Yes, you can use coupons and tally how many are redeemed, but apart from that, how are you to know whether a surge in sales came from an ad or from a particularly vocal customer who’s spreading the word?
Why Brand Evolution Is Important
As we just saw, there’s no doubt that traditional marketing is effective, but this doesn’t mean that everything else should be neglected — far from it. After all, apart from its shortcoming, as technology evolved, so did the way people consumed content and interacted with brands.
That is to say, with the evolution of technology should come the evolution of brands; as technology changes, so should the brands using it.
In doing so—in embarking on this traditional brand evolution—brands can gain a wide range of benefits that only come from venturing into the online world.
For example, because you’re online and no longer constrained to an audience comprised of those physically around you, you can expand it and do business with those living in different cities, countries, and even continents.
Also due to the online ecosystem, you’re not limited to static images in magazines or expensive TV ads. At your disposal now are a myriad of channels like Facebook, Google Search and YouTube, and varying content types like blog posts, infographics and videos.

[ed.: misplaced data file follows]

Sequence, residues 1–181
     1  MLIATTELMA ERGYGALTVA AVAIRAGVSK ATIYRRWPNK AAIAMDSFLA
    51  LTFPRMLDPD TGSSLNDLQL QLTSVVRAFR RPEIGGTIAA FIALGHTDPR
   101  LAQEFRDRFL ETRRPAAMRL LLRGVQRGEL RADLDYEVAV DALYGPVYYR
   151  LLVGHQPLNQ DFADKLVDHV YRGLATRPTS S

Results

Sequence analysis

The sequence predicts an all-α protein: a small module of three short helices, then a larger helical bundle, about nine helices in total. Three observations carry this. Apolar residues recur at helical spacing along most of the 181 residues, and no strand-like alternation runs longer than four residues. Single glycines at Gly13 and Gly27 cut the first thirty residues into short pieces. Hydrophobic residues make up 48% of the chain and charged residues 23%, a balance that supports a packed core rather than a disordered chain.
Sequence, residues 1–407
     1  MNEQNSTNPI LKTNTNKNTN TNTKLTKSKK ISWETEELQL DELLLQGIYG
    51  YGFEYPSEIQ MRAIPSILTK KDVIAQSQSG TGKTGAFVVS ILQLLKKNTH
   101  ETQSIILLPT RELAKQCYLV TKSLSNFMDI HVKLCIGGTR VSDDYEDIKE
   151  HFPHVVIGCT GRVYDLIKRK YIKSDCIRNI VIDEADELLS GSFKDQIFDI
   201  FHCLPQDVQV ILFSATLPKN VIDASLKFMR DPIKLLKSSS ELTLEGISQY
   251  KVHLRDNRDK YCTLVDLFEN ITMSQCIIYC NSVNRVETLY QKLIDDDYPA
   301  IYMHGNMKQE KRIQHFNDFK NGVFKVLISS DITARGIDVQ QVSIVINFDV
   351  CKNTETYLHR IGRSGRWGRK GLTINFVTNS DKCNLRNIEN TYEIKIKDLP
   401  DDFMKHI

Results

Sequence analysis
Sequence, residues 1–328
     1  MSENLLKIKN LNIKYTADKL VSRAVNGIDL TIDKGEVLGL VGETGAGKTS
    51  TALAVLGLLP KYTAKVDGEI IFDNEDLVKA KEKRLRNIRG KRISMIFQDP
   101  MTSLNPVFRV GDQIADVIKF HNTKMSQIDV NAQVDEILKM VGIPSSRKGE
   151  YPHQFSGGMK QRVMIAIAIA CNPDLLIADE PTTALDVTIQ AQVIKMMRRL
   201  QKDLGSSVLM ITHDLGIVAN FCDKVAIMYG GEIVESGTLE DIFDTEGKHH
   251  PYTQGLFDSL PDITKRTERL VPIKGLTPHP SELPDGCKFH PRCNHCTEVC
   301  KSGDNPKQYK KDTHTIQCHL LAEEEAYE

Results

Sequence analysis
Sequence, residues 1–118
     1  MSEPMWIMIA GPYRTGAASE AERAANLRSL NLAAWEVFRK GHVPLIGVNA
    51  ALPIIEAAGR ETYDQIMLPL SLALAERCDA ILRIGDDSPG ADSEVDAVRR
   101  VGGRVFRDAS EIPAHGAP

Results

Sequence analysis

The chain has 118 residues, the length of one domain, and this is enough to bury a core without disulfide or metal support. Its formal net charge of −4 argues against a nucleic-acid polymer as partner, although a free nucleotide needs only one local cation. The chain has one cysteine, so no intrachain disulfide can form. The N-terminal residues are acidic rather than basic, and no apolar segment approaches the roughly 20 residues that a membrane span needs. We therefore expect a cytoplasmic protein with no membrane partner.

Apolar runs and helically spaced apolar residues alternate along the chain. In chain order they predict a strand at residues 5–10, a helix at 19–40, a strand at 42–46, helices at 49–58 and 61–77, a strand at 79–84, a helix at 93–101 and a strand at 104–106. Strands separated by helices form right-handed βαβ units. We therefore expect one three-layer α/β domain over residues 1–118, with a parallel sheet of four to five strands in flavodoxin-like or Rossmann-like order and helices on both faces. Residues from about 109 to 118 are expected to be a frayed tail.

In other words, not only do you have more options, but those you do have come with a lot more engagement than traditional marketing methods.
For instance, consider posting on social media.
Whenever you do so, you’re presenting your audience with an opportunity to directly engage with you by liking, sharing and commenting on your posts. And when you reply to their comments, you create a back and forth rapport that also fosters brand loyalty.
Now consider ads.
Whenever you place an online ad, you have the option of targeting only those specific users that make up your target audience with demographics like age, gender, profession and interests, making it more likely you’ll get a conversion.
Even better, whereas you can’t accurately measure ROI with traditional marketing, venturing online comes with your option of analytics tools like Google Analytics, which tells you your conversion rate, how many clicks or impressions your ads are getting, how many visitors each page on your website receives, what said visitors do as they browse around, and many other things that all work to help you tailor your strategy.
Traditional Brand Evolution: A How-to Guide
With all the benefits we just covered, it’s easy to see why the evolution of brands is important.